New Maybach Headlights can Project Images on the Road
Last month, Mercedes showed off the latest version of the Maybach-branded S-Class. It’s more of a mild update than a true midcycle refresh, but with a new grille, more paint and leather options, and a few other tweaks, it should keep the chauffeured crowd happy. Today, however, Mercedes announced a new feature that will soon be available on Maybachs: image-projecting headlights.
Called Digital Light, the new headlights promise a high-definition main beam that projects with two-million-pixel resolution. Those beams can then project images onto the road. Mercedes says the images can be used like a head-up display, giving drivers information without requiring them to take their eyes off the road. The headlights could also be used to communicate with others.
The more practical reason to use software-controlled headlights is to optimize lighting depending on the situation. Cameras, sensors, and mapping data are used to evaluate road conditions, allowing the car to adjust its headlights accordingly. Theoretically, that would make it easier to see at night without blinding other drivers with obnoxiously bright lights.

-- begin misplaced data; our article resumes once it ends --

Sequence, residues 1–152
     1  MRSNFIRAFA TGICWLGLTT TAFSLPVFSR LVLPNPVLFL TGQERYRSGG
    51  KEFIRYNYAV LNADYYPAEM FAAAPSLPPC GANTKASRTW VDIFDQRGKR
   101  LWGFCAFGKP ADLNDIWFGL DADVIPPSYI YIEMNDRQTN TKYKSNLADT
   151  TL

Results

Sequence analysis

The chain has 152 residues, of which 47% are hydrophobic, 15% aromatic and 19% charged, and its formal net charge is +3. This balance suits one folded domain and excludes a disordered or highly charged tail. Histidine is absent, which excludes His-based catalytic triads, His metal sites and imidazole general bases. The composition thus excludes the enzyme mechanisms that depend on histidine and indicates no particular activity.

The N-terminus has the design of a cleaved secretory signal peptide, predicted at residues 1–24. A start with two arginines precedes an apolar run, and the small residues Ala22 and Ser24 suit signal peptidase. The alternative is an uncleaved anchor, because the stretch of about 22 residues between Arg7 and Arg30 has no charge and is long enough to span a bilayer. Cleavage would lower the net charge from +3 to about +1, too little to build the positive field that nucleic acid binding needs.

Even when the new headlights are used to project images onto the road, Mercedes says the focus is more on safety than fashion. For example, guidelines could be projected onto the lane to make it easier to drive through a narrow construction zone. Or if the car detects a pedestrian in the road, it could mark their position with an arrow. Mercedes says the lights will also be able to project symbols that give blind spot warnings, lane departure warnings, collision warnings, speed notifications, and low-grip surface alerts.
If the initial roll-out goes well, we may see this technology trickle down to Mercedes’ other mainstream models. For now, though, Digital Light will only be available on the Mercedes-Maybach S-Class beginning in the first half of this year. There’s no word on pricing, but considering it won’t even be available on the regular S-Class at first, it’s probably safe to assume that Digital Light isn’t cheap.